Because of the mandarin orange quality, this is something I feel especially into around the winter season (Christmas oranges!) but it’s an amazing flavour that I’m sure would be equally as impressive year round. This may, in fact, be my favourite tea from Silk Road to date.
It was just SOOOO good.
My feelings about teas sometimes shift, and I think that happened here. There was a time when this one was a little assertive for my taste, but now it’s becoming one of my primary breakfast teas. Lately, I like the smokiness, and slight astringency.
I’ve also been really into putting milk in my tea, for my first cup of the morning, and this tea lends itself beautifully to that.
This is a great, general black tea. It’s got a little smokiness, and a touch of astringency that can get bitter if I let it steep too long. The site’s description says there’s sweetness, but I don’t get much of that with this tea. This tea for me is kind of savory and brisk. It’s mellower than a breakfast blend, but has more of a bite than many other teas I own. It’s the perfect tea for today, since I was up absurdly late and need a bit of bracing tea to get me going this morning. Solid, comforting fuel for the morning!
Decided to finally sign up and start reviewing some teas!
I can’t believe no one has reviewed this tea! I remember having this tea a few years ago from David Lee Hoffman, I assume it is the same tea.
It was my favorite tea I ordered from his collection, just amazing flavors.
I remember it being savory, and buttery, yet sweet. I think I may order some now!!
Flavors: Butter, Creamy, Sweet, warm grass
I have discovered my favorite green tea to drink with milk, this jasmine! I love the scent of this tea much more than regular green varieties, and its slight sweetness is perfect for blending with unsweetened almond milk. I like to steep for 3 minutes maximum, to keep its bitterness lowered.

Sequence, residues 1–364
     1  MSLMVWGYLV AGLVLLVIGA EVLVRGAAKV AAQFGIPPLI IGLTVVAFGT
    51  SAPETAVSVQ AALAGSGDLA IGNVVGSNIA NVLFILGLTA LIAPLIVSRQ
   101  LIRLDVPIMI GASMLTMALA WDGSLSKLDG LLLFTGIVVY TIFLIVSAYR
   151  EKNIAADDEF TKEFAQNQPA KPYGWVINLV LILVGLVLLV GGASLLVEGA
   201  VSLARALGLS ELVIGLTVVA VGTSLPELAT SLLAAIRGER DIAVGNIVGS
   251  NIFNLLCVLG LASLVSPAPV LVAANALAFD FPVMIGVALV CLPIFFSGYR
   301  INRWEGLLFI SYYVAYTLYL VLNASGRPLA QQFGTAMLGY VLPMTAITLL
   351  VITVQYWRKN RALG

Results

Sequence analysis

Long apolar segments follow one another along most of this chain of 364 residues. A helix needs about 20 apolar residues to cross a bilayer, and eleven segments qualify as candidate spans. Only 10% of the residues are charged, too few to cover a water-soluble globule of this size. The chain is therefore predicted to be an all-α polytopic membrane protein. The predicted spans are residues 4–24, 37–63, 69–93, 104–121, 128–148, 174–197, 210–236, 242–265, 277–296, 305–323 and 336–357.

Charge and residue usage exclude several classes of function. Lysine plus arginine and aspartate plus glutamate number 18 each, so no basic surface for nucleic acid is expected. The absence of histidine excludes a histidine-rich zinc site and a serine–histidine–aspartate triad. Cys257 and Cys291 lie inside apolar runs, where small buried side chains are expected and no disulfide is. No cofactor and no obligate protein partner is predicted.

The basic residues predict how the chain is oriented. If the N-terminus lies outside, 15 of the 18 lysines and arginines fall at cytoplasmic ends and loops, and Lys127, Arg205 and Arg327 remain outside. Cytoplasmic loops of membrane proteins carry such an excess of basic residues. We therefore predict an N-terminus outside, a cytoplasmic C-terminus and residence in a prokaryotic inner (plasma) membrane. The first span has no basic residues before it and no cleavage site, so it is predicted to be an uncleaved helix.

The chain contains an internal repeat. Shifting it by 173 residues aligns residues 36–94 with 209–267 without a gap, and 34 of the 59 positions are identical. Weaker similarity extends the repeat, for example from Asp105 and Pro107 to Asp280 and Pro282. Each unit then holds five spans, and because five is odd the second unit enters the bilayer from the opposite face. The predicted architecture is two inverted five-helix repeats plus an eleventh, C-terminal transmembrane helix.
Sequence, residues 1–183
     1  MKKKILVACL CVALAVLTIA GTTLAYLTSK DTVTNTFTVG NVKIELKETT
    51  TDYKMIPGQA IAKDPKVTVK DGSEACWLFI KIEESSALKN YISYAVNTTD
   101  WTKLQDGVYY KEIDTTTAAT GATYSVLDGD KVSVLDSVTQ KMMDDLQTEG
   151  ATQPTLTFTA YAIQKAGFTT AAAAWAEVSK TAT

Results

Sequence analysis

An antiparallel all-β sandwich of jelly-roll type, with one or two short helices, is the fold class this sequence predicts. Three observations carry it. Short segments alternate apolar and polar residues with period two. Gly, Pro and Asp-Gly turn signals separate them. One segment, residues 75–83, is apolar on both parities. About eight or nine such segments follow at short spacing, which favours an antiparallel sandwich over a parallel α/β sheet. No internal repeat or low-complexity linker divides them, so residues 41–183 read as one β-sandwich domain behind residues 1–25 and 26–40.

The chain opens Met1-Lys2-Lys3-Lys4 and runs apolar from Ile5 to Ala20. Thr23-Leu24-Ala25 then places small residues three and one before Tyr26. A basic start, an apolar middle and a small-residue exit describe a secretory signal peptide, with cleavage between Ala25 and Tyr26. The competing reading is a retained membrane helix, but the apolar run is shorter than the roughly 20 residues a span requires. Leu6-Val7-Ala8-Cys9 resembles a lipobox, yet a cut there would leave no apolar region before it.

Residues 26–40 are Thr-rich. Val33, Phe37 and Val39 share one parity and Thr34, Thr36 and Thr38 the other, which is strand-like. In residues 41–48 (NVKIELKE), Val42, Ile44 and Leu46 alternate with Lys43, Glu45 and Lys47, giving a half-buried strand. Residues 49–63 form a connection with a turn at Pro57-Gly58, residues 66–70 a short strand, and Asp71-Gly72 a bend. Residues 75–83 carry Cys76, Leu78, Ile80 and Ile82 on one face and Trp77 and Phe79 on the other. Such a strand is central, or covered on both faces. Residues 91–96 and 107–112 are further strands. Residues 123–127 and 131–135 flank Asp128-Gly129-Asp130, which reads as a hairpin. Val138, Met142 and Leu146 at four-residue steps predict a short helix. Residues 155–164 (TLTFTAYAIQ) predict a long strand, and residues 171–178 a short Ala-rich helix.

Flavors: Bitter, Flowers, Fruity, Jasmine
Had an urge for something lighter this afternoon, and got a bit of a surprise with this sheng pu-erh. After wrestling it from the tightly packed bamboo shoot, I gave it a quick rinse, then steeped it for 2-minutes at about 205-degrees.
We weren’t sure what to expect from a “bamboo scented” tea, so it didn’t exceed or come up short in any way. The liquor is a beautiful hue of golden amber with a somewhat vegetal aroma. The flavor, however, is very smoky. Unlike other sheng we’ve sampled, there was no hunting for the flavor to hit or reveal itself. Campfire, smoke, wood. Pleasant, but distinct.
If you like Lapsang Souchong, you’ll probably love this tea.
Flavors: Campfire, Dark Wood, Smoke, Smoked, Vegetal
After waking earlier than usual to a stressful day that ended much later than usual, I was inclined toward something that provided a sub-coffee jolt to get me through the morning after.
I pulled this tea from the cupboard and measured out 4 grams as I heated some fresh water. I didn’t have the time or energy for any clean up, so I opted for a reusable tea bag straight into the cup.
What a treat! The resulting cup was a beautiful chestnut brown with a very refreshing mouth feel. I detected a note of caramel along with a gentle blend of spices. The taste lingered well, and served to invite me to a second cup.
The next time around I ditched the thermometer and went just a tad hotter with the water – as the strands of pearls begin to stream toward the surface just off a boil. There was a slight hint of bitterness in the first cup, so I reduced the steep time to 3-minutes and added 2 drops of liquid Stevia (which is far less than a suggested serving portion).
The combination of changes delivered everything needed for a rich, flavorful cup. Formerly a heavy coffee drinker, a fuller-bodied cup really appeals to me. This tea has it.
I roast my own coffee, because too many commercial roasters think flavor somehow develops by baking the oil onto the bean at the end of the roast. I disagree. They do what they feel they must to have a consistent and significant heaviness to their coffee, and then encourage consumers to dump countless pumps, squirts and frothing matter into the cup to make it palatable. I like coffee. Like tea, every single batch from every single grower has a distinct flavor, and in the roasting, there is a “sweet spot” that brings out the best notes.
But back to the tea. Yunnan Black – High Grade from Silk Road Teas? Affordable, delicious, and absolutely worth a try.
Flavors: Caramel, Spices